10/08/05 to 10/14/05
We had already been suffering under 4 days of rain as we left Long Beach, WA in
search of sunnier weather.  The sunshine was to elude us like always, as we
winded our way down the drizzly Oregon coast to Florence.  The drive took a lot
longer than the three hours we expected, due both to the weather and the curvy
road which slowly made its way through quaint towns along the coast.  We thought
this would be a fun drive, with lots of sites to see, but the rain and fog prevented
our full enjoyment.  Finally, Saturday evening, 10-8, we arrived at the NACO park
and got settled in under the huge canopy of ceder trees.

We woke Sunday morning, 10-9, to more rain.  We were about to pack up and
leave the gloom when the sun came out.  So we headed into Old Town Florence.  
We looked in the stores, and hung out at the marina a while.

On Monday, 10-10, the sun still shone, so we took a walk down to the sand dunes.
These sand dunes must go on for miles, they are a state park, and provide
numerous trails for ATVs (which in Oregon they call OHVs--Off Highway Vehicles.)  
Of course, we had to stop and watch dune buggies and four wheelers and jeeps
take the dunes, while Richard dreamt about all the big boy toys he wanted.  
From the dunes we headed further, over a huge dune down to the beach.  Since we
hadn't seen sun in so long, I had forgotten to take my cap, so I had to fashion my
own out of prairie grass.  Prairie grass weaving is sure to come in handy in Texas.  
We sat mid-way up the dune, soaking up the long awaited sun.  
When we had loaded up in Long Beach, the worn out old back tire of the
motorcycle caught on a sharp edge on the ramp, and shredded off a large
portion of black rubber.  We decided that was enough encouragement to finally
get a new one, so on Tuesday, 10-11, we spent the majority of the afternoon
removing the back tire.

So, early on Wednesday, 10-12, we got up and headed to the closest big town,
Eugene, a mere 60 miles away.  However, those 60 miles again took longer
than expected as we drove through the twisted curving road through the
morning fog.  We went to a GM dealer to get an annoying rattle on the truck
fixed, although they still say they can find nothing wrong that we would be
getting such terrible gas mileage.  Then we headed to the wine-making store.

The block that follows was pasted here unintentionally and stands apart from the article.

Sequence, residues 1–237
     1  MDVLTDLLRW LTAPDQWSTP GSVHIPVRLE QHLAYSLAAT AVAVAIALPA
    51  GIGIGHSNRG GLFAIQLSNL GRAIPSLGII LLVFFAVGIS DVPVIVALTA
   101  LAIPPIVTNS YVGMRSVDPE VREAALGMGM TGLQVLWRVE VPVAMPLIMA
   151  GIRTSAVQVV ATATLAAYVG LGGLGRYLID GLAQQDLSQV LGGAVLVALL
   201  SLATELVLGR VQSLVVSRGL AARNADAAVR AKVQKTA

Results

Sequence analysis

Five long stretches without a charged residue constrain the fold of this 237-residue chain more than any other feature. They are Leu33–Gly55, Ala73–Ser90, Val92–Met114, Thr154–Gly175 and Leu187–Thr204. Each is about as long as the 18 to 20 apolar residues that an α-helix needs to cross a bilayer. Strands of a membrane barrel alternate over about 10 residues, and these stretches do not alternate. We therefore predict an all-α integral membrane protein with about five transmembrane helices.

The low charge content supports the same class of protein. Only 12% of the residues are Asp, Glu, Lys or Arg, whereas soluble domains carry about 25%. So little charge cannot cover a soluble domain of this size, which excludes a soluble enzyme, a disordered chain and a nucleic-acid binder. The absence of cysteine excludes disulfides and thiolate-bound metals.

Prices were higher than at the mom and pop store in Northwest Washington,
but we left with more jars and airlocks to keep our cranberry wine going.  Then
we got the tire changed, hit the Wal-Mart and headed back.

Our task for Thursday, 10-13, was to put the back tire back on the motorcycle.  
This was made more difficult by the rain.  We put the awning out to make the
task more achievable.  As it was, the sun barely shone through the forest we
were in, and the awning only added to the gloomy day.
Finally, Friday came, when we could finally "rack" the wine.  That's wine-maker
talk for putting it from the plastic bucket into the big glass jars.  We had assumed
we had about 9 gallons of wine, so we had purchased 5 gallon, 3 gallon, and 1
gallon jugs at the wine store the day before.  We do this siphoning from the
inside, to the outside of the RV for two reasons, the first being the necessity of
gravity, the second, the wine does not make a mess in the house.  However, the
wind was blowing so hard that the little pine needles that carpet the park (and the
house as no amount of foot-wiping will keep them from tracking in) kept coming
notoriously close to the openings of the jars.  We filled the 5 gallon jug, but did
not get the 3 totally full.  It is a wine-making no-no to leave the jars not completely
"topped up," and we were not about to drive all the way back to Eugene for
another 1 gallon jug, so I made the sensible suggestion to go to the grocery store
and buy apple cider, since it sometimes comes in 1 gallon glass jugs.  As we
headed out, we considered putting the awning back up, which we had left down
the day before.  The wind was blowing worse than it ever had and we were
worried it might damage the awning.  However, those damn pine needles were
covering the awning, and were stuck to it by the morning mist.  We hoped the
wind and temporary lack of rain would remove the needles before our return.  As
I assumed, we found that the jugs were cheaper filled than empty.  We also
bought a small jar in case we had more than 2 gallons.  We stopped at the
hardware store for supplies to fashion our own stoppers, and went home to finish
the wine-making.  (And drink apple cider!)  It started raining on our way home,
we swept off the awning, put it back up, and retreaded to the inside of the RV just
before a torrent of rain started.  At least the wine seems happy.  
So, we have 5
gallons of the
blackberry and
7.25 gallons of
cranberry wine.  
We had only
purchased 4
airlocks, so for
the small jar we
fashioned one of
our own our of an
old film case and
plastic tubing.  
Looks yummy
huh?  It won't be
ready for 3
months, and then
is supposed to
age a year, so
don't ask!
The three and a half days of sunshine that we found here in Florence seem to be
over, and we don't know how much longer we will stay under this constant drizzle.
 It has been dark as night under these trees and rain since about 3:00 this

We keep seeing pumpkins in the stores now, and I have talked about getting one
to carve, but Richard is against it.  He is afraid I will try to make pumpkin wine.  
Now that we didn't use the 3 gallon jugs, and know how to make our own
airlocks, he probably should be afraid.  Wouldn't an orange colored wine look
nice next to the blackberry and cranberry?